My spidering kit

You don’t need a DSLR, professional science equipment, or even a really expensive smartphone to get up close with spiders (or any other bugs). I’ve been using my cheap-ass smartphone and gear cobbled together from the dollar store for years. So, here’s what I’m using right now, as well as some recommendations for other stuff I’ve used in the past. Continue reading My spidering kit

Update: Pinecone Spiders

Summer spidering season is well underway, and I’m no longer turning over pinecones in search of spiders. But I just stumbled across this 2016 blog post by Rod Crawford (of Seattle, WA’s Burke Museum) about Laurel Ramseyer’s research! Since 2008 she’s been sampling fallen pinecones for spiders—apparently a niche unexplored till now. This turned up the first record of the jumping spider Pseudoeuophrys lanigera in North America and has also proved useful for tracking the range of the crab spider Ozyptila praticola.

In 2015, Ramseyer and Crawford wrote a paper summarizing their findings about the pinecone-dwelling spiders of Washington State. A lot of mesh-web weavers (family Dictynidae), ground spiders (Gnaphosidae), sheet-web weavers and dwarf spiders (Linyphiidae), and cobweb spiders (Theridiidae). A lot different from all the running crab spiders (Philodromus) in my lakeside pinecones. They also mention finding a lot of Euryopis, a spider I’ve failed to find at all in my area despite seeing their distinctive tufty egg sacs all the time. Maybe that’s where I should be looking.

Time to do some reading and up my pinecone game…

Arachnews: May 3, 2021

Well, I’m back. Much like a tarantula, I felt the need to seal myself into a burrow for several months on end for no particular reason. This isn’t even close to covering the backlog. But here is a sprinkling of arachnid-related art, news, and science from the last several months, including:

  • VR spiderweb sound art
  • slingshot spiders and harvesters on treadmills
  • new species with nerdy and musical names
  • upcoming arachnology conferences
  • and more…

Read more on Medium.

Field journal: More spiders in pinecones

A nice routine I have fallen into over the past several months is spider-hunting while catching up on the podcast The History of Philosophy Without Any Gaps. And so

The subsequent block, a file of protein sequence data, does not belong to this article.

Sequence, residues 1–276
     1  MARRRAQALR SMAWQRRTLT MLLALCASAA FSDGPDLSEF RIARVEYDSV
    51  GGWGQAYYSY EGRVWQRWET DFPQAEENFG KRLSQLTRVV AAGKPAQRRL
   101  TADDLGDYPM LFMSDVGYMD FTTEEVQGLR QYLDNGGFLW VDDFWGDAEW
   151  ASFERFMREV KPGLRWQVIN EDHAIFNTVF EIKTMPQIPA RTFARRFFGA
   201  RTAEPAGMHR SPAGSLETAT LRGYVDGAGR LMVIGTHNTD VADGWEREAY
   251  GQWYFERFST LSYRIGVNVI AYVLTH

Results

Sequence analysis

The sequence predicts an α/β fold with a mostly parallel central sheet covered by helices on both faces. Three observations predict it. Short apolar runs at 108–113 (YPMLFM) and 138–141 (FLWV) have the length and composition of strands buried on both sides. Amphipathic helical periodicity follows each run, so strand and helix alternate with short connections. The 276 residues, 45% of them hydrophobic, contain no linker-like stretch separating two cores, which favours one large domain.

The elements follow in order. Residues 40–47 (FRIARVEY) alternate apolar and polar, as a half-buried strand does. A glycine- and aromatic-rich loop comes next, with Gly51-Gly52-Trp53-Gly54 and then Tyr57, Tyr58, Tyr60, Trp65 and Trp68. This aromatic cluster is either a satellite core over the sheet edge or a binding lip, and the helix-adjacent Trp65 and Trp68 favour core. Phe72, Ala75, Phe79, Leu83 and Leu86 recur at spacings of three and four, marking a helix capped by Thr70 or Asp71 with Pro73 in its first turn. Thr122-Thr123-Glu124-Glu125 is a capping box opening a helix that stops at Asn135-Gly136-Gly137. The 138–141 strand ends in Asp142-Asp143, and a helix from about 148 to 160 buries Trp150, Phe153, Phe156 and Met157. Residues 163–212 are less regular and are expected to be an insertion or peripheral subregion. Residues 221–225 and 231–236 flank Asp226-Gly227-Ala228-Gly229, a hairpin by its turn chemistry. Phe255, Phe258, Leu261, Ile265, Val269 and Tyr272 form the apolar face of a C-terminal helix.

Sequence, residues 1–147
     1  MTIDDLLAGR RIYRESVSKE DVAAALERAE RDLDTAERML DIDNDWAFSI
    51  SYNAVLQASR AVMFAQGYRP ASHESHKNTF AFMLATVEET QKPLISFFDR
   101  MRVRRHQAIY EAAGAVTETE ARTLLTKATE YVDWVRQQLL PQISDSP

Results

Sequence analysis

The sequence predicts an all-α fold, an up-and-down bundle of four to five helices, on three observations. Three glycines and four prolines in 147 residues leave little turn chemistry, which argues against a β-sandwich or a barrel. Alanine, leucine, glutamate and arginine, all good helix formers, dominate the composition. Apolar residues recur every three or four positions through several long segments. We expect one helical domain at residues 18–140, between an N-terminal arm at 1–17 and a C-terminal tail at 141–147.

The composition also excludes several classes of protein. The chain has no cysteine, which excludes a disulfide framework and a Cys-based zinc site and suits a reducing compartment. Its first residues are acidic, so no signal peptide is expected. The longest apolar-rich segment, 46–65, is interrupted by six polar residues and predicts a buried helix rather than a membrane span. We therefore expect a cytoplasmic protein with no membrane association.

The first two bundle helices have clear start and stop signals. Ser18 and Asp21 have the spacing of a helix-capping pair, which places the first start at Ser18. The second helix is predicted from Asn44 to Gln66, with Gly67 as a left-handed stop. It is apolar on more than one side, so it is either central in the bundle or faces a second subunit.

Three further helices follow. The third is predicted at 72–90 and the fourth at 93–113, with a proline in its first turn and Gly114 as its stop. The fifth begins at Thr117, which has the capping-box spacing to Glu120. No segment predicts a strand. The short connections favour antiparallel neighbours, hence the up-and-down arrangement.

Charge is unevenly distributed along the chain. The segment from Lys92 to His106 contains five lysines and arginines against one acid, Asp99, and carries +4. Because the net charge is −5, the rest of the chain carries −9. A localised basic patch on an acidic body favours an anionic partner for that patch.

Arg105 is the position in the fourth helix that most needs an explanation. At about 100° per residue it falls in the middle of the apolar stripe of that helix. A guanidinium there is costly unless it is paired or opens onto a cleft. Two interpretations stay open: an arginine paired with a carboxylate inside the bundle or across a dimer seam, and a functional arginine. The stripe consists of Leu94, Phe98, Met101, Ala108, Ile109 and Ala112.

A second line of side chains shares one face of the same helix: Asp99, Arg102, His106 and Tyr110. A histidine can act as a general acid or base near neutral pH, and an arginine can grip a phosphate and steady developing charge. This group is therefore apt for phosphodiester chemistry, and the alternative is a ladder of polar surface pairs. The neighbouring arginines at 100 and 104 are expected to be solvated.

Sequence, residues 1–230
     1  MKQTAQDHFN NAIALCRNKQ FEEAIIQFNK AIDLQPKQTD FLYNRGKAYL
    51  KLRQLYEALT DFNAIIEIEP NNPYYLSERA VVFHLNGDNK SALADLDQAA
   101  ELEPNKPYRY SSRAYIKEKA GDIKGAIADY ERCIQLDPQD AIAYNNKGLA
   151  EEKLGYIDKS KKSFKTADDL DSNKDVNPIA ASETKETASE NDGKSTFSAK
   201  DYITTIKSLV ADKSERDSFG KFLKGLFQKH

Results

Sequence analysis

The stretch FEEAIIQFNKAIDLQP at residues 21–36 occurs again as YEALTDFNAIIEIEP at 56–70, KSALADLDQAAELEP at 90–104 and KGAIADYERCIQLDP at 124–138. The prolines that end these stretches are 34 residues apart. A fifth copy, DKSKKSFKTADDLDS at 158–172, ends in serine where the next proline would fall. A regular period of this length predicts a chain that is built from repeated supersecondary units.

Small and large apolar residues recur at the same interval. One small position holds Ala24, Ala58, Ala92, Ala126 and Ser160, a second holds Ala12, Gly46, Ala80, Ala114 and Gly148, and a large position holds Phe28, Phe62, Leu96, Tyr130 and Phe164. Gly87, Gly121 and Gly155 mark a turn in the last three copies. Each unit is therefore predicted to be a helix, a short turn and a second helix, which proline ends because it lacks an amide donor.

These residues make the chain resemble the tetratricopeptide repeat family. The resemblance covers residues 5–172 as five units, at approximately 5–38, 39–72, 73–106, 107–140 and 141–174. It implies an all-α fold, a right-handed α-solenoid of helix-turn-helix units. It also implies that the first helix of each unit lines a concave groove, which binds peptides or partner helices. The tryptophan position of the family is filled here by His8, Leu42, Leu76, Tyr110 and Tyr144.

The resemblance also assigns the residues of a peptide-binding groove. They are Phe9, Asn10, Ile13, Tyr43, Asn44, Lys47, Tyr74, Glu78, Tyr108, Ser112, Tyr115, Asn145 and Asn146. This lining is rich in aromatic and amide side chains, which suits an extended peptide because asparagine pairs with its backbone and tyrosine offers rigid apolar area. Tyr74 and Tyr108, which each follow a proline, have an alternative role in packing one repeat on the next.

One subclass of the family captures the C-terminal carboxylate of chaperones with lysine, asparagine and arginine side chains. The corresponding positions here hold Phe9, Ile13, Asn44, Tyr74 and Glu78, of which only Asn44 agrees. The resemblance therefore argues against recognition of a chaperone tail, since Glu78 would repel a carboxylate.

“Like Rodney Dangerfield, obsessive collectors get no respect. The word ‘trainspotter’, which refers to a railway enthusiast, is, in British English, synonymous with ‘loser’, and there is indeed something slightly tragic about someone who spends all their free time looking for things the rest of us find pointless.”

Me:

Me: ಠ___ಠ

Aaaanyway, here’s a bunch of spiders and whatnot I’ve found on recent winter excursions. Continue reading Field journal: More spiders in pinecones

Field Journal: A Sunnyside pinecone

A few days ago, suffering from cabin fever, I went down to the Sunnyside boardwalk to flip rocks and see what I could find. Pickings were meagre at first, but I struck pay dirt with a pinecone! Pinecones will now be part of my winter spider-hunting repertoire. Continue reading Field Journal: A Sunnyside pinecone

Arachnews: September 30, 2020

I’M BACK, BITCHES. In the latest roundup of all things spider, scorpion, harvester, mite, and more:

  • arachnologists on livestreams and podcasts
  • #PruittData retractions and other developments
  • research on venom, silk, agriculture, ecology, and more
  • new species from around the world
  • …and more!

Read it on Medium.

Field Journal: Humber Bay Shores Park

In early May, jealous of all the UK people posting their Pardosa observations, I headed to Humber Bay Shores Park early one morning to see if our native Ontario wolf spiders were out yet. They were not. However, I did find lots of other arthropods! A couple of second-timers—almost as exciting as first-timers. Continue reading Field Journal: Humber Bay Shores Park

Arachnews: May 31, 2020

We’re back, baby. In the latest roundup of arachnid news, media, and science:

  • arachnological organizations’ statements on #BlackLivesMatter
  • arachnologists on livestreams
  • research on extreme sexual dimorphism, spider collecting techniques, and tailless whipscorpion senses
  • new species from around the world
  • and much more…

Read it on Medium.

Field Journal: Socially Distant Spidering

We’re starting to get the odd day of genuine nice spring weather—and people are flocking to the outdoors. Many parks are closed and the Martin Goodman Trail is packed. So those in search of a nice out-of-the-way spot need to get a little creative. Continue reading Field Journal: Socially Distant Spidering